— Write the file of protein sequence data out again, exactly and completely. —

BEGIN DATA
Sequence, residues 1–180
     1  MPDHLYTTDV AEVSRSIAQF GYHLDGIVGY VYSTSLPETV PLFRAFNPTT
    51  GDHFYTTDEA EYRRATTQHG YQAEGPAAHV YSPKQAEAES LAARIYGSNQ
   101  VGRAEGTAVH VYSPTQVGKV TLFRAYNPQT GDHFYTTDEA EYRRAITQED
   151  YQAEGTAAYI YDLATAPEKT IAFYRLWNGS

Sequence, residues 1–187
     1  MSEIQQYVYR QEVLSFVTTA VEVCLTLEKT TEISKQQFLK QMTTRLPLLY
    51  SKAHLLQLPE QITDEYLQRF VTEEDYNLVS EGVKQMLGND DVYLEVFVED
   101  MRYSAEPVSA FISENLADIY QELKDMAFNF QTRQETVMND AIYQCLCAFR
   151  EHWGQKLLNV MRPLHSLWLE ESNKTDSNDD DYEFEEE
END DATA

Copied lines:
Sequence, residues 1–180
     1  MPDHLYTTDV AEVSRSIAQF GYHLDGIVGY VYSTSLPETV PLFRAFNPTT
    51  GDHFYTTDEA EYRRATTQHG YQAEGPAAHV YSPKQAEAES LAARIYGSNQ
   101  VGRAEGTAVH VYSPTQVGKV TLFRAYNPQT GDHFYTTDEA EYRRAITQED
   151  YQAEGTAAYI YDLATAPEKT IAFYRLWNGS

Sequence, residues 1–187
     1  MSEIQQYVYR QEVLSFVTTA VEVCLTLEKT TEISKQQFLK QMTTRLPLLY
    51  SKAHLLQLPE QITDEYLQRF VTEEDYNLVS EGVKQMLGND DVYLEVFVED
   101  MRYSAEPVSA FISENLADIY QELKDMAFNF QTRQETVMND AIYQCLCAFR
   151  EHWGQKLLNV MRPLHSLWLE ESNKTDSNDD DYEFEEE